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Oil Kings offers the first inside look at how an oil crisis was manipulated by Alan Greenspan, Donald Rumsfeld, and President Ford (hoping to secure his re-election), helping to precipitate the fall of the Shah of Iran in 1979. Andrew Scott Cooper reveals the fatal struggle between the oil kings ...
The Oil Kings: How the US, Iran and Saudi-Arabia Changed the Balance of Power in the Middle East
Oil Kings offers the first inside look at how an oil crisis was manipulated by Alan Greenspan, Donald Rumsfeld, and President Ford (hoping to secure his re-election), helping to precipitate the fall of the Shah of Iran in 1979. Andrew Scott Cooper reveals the fatal struggle between the oil kings , both Middle-Eastern and American, as they jockeyed for power, playing games that led directly to the rise of Iran's radical anti-American theocracy, which still exists today. An intrepid investigative reporter, Andrew Scott Cooper is the first to access newly declassified papers, and to interview key people who formulated US foreign poilicy in that period. Carefully connecting up the dots, he brilliantly reconstructs the history of that vexed decade when the modern world was changed forever.
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20.48 USD

The Oil Kings: How the US, Iran and Saudi-Arabia Changed the Balance of Power in the Middle East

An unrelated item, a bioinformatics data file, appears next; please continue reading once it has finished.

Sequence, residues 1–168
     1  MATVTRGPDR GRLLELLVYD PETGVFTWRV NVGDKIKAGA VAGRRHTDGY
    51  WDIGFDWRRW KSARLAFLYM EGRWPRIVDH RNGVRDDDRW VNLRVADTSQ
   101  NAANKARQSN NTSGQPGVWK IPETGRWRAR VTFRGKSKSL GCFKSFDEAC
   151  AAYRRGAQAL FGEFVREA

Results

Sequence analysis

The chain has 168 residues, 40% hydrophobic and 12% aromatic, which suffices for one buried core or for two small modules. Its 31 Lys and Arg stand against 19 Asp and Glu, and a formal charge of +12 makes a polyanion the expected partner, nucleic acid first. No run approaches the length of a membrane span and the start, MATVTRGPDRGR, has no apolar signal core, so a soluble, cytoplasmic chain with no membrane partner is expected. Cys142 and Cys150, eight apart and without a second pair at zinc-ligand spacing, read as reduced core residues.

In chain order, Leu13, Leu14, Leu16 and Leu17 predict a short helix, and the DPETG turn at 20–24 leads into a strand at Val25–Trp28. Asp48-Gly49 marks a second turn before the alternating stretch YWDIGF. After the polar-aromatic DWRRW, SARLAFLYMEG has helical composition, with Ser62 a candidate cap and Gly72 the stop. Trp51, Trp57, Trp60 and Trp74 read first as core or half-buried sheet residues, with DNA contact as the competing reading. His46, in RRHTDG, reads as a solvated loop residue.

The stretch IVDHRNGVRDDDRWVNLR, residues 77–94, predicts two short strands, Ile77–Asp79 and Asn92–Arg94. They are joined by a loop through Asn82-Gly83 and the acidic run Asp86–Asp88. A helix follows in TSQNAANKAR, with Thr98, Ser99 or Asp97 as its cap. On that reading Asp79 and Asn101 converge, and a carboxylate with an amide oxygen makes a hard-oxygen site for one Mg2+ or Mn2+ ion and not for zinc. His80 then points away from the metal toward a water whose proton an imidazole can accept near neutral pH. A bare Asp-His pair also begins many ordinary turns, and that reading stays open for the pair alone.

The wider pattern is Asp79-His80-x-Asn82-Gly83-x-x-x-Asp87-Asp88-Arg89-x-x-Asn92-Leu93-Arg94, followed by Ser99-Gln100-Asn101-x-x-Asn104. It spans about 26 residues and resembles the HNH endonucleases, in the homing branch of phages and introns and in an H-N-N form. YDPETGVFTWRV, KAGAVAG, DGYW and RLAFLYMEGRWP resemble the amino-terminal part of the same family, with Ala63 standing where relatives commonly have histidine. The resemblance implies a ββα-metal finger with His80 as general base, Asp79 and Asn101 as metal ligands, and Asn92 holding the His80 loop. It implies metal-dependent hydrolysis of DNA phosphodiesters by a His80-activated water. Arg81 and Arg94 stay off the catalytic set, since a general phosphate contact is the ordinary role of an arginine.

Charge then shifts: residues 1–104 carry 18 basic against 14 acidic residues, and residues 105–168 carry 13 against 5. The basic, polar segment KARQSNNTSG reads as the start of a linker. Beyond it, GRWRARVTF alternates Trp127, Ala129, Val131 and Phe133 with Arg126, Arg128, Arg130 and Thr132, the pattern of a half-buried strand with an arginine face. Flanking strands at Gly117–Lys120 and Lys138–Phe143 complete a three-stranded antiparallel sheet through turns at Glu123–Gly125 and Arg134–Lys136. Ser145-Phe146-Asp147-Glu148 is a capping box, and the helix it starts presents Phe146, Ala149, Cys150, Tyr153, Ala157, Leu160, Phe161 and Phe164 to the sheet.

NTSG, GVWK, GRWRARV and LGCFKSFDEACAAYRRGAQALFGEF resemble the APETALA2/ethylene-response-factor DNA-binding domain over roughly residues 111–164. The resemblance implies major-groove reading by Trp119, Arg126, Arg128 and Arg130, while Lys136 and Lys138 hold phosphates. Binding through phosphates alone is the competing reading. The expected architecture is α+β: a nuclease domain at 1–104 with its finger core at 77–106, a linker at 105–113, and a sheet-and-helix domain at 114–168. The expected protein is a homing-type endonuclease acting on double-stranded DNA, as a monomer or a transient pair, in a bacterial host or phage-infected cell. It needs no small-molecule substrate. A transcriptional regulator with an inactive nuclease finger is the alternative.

by Andrew Scott Cooper
Paperback / softback
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Liberty's Prisoners examines how changing attitudes about work, freedom, property, and family shaped the creation of the penitentiary system in the United States. The first penitentiary was founded in Philadelphia in 1790, a period of great optimism and turmoil in the Revolution's wake. Those who were previously dependents with no ...
Liberty's Prisoners: Carceral Culture in Early America
Liberty's Prisoners examines how changing attitudes about work, freedom, property, and family shaped the creation of the penitentiary system in the United States. The first penitentiary was founded in Philadelphia in 1790, a period of great optimism and turmoil in the Revolution's wake. Those who were previously dependents with no legal standing-women, enslaved people, and indentured servants-increasingly claimed their own right to life, liberty, and happiness. A diverse cast of women and men, including immigrants, African Americans, and the Irish and Anglo-American poor, struggled to make a living. Vagrancy laws were used to crack down on those who visibly challenged longstanding social hierarchies while criminal convictions carried severe sentences for even the most trivial property crimes. The penitentiary was designed to reestablish order, both behind its walls and in society at large, but the promise of reformative incarceration failed from its earliest years. Within this system, women served a vital function, and Liberty's Prisoners is the first book to bring to life the experience of African American, immigrant, and poor white women imprisoned in early America. Always a minority of prisoners, women provided domestic labor within the institution and served as model inmates, more likely to submit to the authority of guards, inspectors, and reformers. White men, the primary targets of reformative incarceration, challenged authorities at every turn while African American men were increasingly segregated and denied access to reform. Liberty's Prisoners chronicles how the penitentiary, though initially designed as an alternative to corporal punishment for the most egregious of offenders, quickly became a repository for those who attempted to lay claim to the new nation's promise of liberty.